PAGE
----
Thursday, February 25, 2016

"Healthy, Happy, and Wise"

            This Sunday, February 28th, I will conclude my seven-week sermon series on, “Would You Like to Be a Happier Person?”  The final proclamation in the series explores the relationship between physical health and authentic happiness. 

            This relationship between health and happiness has been one of the foci in the recent avalanche of research, investigating the core components for a happy and flourishing life.  This research suggests that physical exercise has a huge, positive effect on mood and well-being.  And, after reviewing 23 of the most rigorous studies on the relationship between exercise and depression, the Cochrane Review concluded that exercise has a “large clinical impact” on fighting depression.  While there is a strong consensus on the relationship between physical exercise and mental well-being, researchers are less certain about how to explain the reasons for this relationship.[i]  Still, the “take home message” seems clear enough:  Physical exercise and self-care contributes significantly to a happy and flourishing life.

            Although researchers have shown that living a healthy lifestyle contributes to our happiness, they have also discovered that persons who suffer from diseases, such as cancer, or other “life-altering disabilities,” often live lives that are “just as happy as those in good health.”  The only exceptions were individuals whose daily lives were disrupted by their conditions, such as patients suffering from severe chronic pain.[ii] 

            So, current research indicates that taking care of ourselves physically can significantly help us to enjoy lives characterized by authentic happiness and flourishing.  Yet for the most part, those who suffer from disease or life-altering disabilities are not precluded by those physical conditions from also achieving authentic happiness and flourishing.

            The parallels between this empirical research and Christian discipleship are very intriguing.  My message this Sunday will be grounded in two verses from the Apostle Paul’s First Letter to the Christians in Corinth.  Paul writes:  “Or do you not know that your body is a sanctuary of the Holy Spirit within you, which you have from God, and that you are not your own?  For you were bought with a price; therefore glorify God in your body.”  (1 Corinthians 6: 19-20.)

            These two verses form the third in a series of three rhetorical questions, which Paul asks the Corinthians.  In these two verses, Paul affirms the goodness of our physical bodies, but he goes much further.  Through our faith, the physical bodies of Christians become a temple, or sanctuary, for the Holy Spirit.  As one Biblical interpreter writes, “The Holy Spirit resides in the believers in such a way that their bodies, their very selves, have been transformed into a shrine dedicated to God, who gave them the Holy Spirit and thereby constituted them a temple.”[iii]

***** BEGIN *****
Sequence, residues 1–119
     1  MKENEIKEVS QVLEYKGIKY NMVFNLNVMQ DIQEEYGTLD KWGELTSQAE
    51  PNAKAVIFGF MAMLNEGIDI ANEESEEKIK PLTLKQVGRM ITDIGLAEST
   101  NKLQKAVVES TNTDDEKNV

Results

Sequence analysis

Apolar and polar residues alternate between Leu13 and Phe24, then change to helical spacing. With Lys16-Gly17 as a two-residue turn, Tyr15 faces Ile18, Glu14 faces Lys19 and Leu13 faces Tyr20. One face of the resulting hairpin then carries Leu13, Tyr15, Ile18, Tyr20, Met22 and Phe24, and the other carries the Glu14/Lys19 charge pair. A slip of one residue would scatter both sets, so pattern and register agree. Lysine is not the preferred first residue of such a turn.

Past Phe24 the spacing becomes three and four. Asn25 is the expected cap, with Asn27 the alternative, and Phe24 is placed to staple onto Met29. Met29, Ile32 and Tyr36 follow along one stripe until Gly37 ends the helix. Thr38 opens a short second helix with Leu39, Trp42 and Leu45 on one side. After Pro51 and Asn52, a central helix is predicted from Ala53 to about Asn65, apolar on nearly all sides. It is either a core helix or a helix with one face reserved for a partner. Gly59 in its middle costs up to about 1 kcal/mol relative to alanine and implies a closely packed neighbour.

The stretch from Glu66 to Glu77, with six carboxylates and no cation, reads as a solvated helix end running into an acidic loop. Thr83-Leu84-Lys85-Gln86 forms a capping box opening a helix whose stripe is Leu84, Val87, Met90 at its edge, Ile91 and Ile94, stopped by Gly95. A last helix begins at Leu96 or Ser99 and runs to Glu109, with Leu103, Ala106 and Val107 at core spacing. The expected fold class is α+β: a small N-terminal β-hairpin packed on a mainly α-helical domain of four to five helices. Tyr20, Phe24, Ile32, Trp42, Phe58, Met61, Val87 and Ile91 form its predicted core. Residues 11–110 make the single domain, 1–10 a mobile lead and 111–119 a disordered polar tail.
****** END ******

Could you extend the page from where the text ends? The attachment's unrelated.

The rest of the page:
This transformation is possible because we do not own ourselves.  Instead, all that we are, and all that we have, belongs to God.  In verse 20, Paul uses a metaphor which would have been familiar to the Corinthians, living under the Roman Empire.  Alluding to the slave market in the Roman agora or forum, Paul tells the Corinthians that God has purchased them with great price.  Yet, in purchasing us, God also sets us free from our failures and sins, as well as setting us free from our dread and anxiety over the prospect of death.

Among contemporary, twenty-first century Christians, the concept of stewardship is readily appreciated and used in three important contexts.  First, there is stewardship of the environment.  As Christians, we are familiar with the importance of serving as stewards of God’s good Creation, tasked with the important responsibility of caring for the natural environment. 

Secondly, the term stewardship can refer to the special gifts, talents, and experiences that make us unique, one-of-a-kind persons.  God calls each of us to be good stewards of our unique skills and abilities, to do the work of the church and to help build God’s Kingdom, here on Earth.  For example, persons who are gifted with musical ability may use their abilities to sing in the Choir.

Thirdly, the term stewardship can be used to refer to our financial resources.  To be a good steward of our finances and other possessions means to use these resources wisely, including the financial support of our church’s ministries and operating expenses.

In this passage from his Letter to the Corinthians, the Apostle Paul suggests a fourth understanding of stewardship.  If our physical bodies are not really our own, but God’s—and, if God intends for our physical bodies to be, literally, a Sanctuary for God’s Presence—then we must be good stewards of our physical bodies, by taking good care of our physical bodies through:

Ø  Appropriate exercise and conditioning
Ø  Proper nutrition
Ø  Preventive healthcare
Ø  Appropriate sleep and rest
Ø  Avoiding addictive and compulsive behaviors

In short, everything required to maintain good physical health is not optional for Christians.  Instead, we are required to be good stewards of our physical bodies, which God has entrusted to us.

            In this series of sermons on happiness, we have seen again and again that the core components for authentic happiness are also core components for faithful Christian discipleship.  For instance, earlier in the series we explored how serving others is a critical component for happiness, just as it is for faithful discipleship.  Again this week, the pattern continues:  Just as physical self-care—or, stewardship of our physical bodies—is an important contributor to a happy and flourishing life, so also it is key for faithful discipleship. 

            To summarize this series, God calls Christians to faithful discipleship, and that in turn leads to happy and flourishing lives.

If you live in the Lincoln, Nebraska area and do not have a regular church home, I invite you to join us this Sunday, as we conclude our reflections on happiness by examining what it means to be good stewards of our physical selves.  Christ United Methodist Church is located at 4530 A Street.  Our classic worship services are at 8:30 and 11:00 on Sunday mornings.